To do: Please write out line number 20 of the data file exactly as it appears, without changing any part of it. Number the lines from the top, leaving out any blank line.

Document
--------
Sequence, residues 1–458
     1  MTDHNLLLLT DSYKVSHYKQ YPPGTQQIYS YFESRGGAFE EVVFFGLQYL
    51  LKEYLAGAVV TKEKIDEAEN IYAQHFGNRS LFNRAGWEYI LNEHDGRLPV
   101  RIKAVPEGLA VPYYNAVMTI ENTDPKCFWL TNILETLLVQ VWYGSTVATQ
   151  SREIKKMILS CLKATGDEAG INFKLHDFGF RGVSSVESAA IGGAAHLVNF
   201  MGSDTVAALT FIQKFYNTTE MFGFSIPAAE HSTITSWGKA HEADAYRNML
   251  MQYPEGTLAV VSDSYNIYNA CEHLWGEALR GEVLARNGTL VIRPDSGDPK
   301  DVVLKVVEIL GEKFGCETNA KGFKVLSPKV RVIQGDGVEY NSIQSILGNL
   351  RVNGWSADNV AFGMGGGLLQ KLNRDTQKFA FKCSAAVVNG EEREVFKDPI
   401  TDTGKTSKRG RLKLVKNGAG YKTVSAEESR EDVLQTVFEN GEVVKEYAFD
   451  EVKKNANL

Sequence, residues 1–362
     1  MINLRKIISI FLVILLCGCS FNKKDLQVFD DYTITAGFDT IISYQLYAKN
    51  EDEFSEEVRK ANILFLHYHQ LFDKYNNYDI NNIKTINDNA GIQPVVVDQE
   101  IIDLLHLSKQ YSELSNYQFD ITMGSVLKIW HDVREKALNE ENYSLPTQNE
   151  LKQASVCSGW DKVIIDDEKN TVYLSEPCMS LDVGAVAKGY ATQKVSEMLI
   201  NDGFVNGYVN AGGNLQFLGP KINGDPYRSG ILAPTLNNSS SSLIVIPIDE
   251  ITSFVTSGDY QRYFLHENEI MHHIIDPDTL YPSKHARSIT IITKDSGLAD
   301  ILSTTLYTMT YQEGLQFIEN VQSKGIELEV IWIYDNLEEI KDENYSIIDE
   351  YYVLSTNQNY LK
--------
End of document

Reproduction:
   351  YYVLSTNQNY LK